The reported study does not provide a clear description of the study phase. A pilot study can be phase I, phase II, phase Ib/IIa study or a small study to test the essential aspects of a clinical trial; e.g., retention strategies, data collection methods, or adherence issues. Generally, a safety study (e.g., classic 3 + 3 + 3 design) evaluates safety parameters as the primary aim, whereas this study had acute GVHD grade II–IV and chronic moderate/severe GVHD as the primary endpoint (clinical outcome). The stopping rules included 4 consecutive or 8 overall cases of grade III-IV acute GVHD and 3 consecutive or 6 overall cases of graft failure. Thus, the overall design was centered on a clinical variable that happens to be the main factor to be targeted by the novel GVHD prophylaxis regimen. Thus, the statistical inference must be drawn with this caveat of an atypical design in mind. About half of the patients in this study suffered from severe poor graft function, which hinders the success of this regimen unless modifications were to occur. Lastly, as in all single-arm studies with a small sample size, the results cannot be applied to clinical practice until randomized trial data are available, since one cannot remove the biases of inferior results from the studies using calcineurin inhibitors as GVHD prophylaxis due to differences in populations.
Zhao et al.  recently reported data on the use of ruxolitinib for GVHD prophylaxis in hematologic malignancies resulting in a 1-year cumulative incidence of moderate/severe cGVHD of 21.4%; however, this study was different given no use of PTCy. Kröger et al.  reported a reduced risk of acute GVHD in myelofibrosis patients who received peri-transplant ruxolitinib, which, unlike the study by Morozova et al. , allowed use of ruxolitinib only until the engraftment post-HCT. Despite the differences in the schema and/or combinations used in these studies, it seems that there is a positive signal that the utilization of ruxolitinib can affect the pathogenesis of GVHD. When combined with PTCy, the effect may even be more pronounced; however, concrete data is still awaited. Despite the imperfect design of the trial, the Morozova et al. study  has set the frame for the next phase of clinical trials combining ruxolitinib and PTCy for GVHD prophylaxis and modifying the regimen dose/duration to minimize the risk of poor graft function and graft failure. They should be congratulated to initiate a study that combines already existing agents, with which our transplant community has extensive experience and are probably significantly cheaper compared to the new drugs on the market. Mixing well-known ingredients to create such hybrid regimens (the sushi burrito) may very well lead to scientific breakthroughs in a short period, which can directly affect the clinical practice worldwide, but only time will tell!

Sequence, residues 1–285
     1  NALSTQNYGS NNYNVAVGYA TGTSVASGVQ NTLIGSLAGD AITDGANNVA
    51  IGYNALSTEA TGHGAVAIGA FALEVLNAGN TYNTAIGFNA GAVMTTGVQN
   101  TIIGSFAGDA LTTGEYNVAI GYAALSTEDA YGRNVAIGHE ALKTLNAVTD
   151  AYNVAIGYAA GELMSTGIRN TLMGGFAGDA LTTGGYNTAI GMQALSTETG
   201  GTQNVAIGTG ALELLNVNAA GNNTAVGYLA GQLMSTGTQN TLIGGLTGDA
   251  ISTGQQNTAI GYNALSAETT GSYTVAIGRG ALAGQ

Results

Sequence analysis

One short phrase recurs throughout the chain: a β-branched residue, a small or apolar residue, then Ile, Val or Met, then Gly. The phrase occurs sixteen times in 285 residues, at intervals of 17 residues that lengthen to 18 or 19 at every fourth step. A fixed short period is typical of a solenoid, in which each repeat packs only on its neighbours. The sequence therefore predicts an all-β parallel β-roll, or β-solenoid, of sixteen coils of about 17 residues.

Conflict of Interest Statement
S.K.H. has received honoraria from Novartis, Pfizer, Mallinckrodt, and Janssen. S.K.H. has received travel grants from Sanofi, Gilead, MSD, and GSK.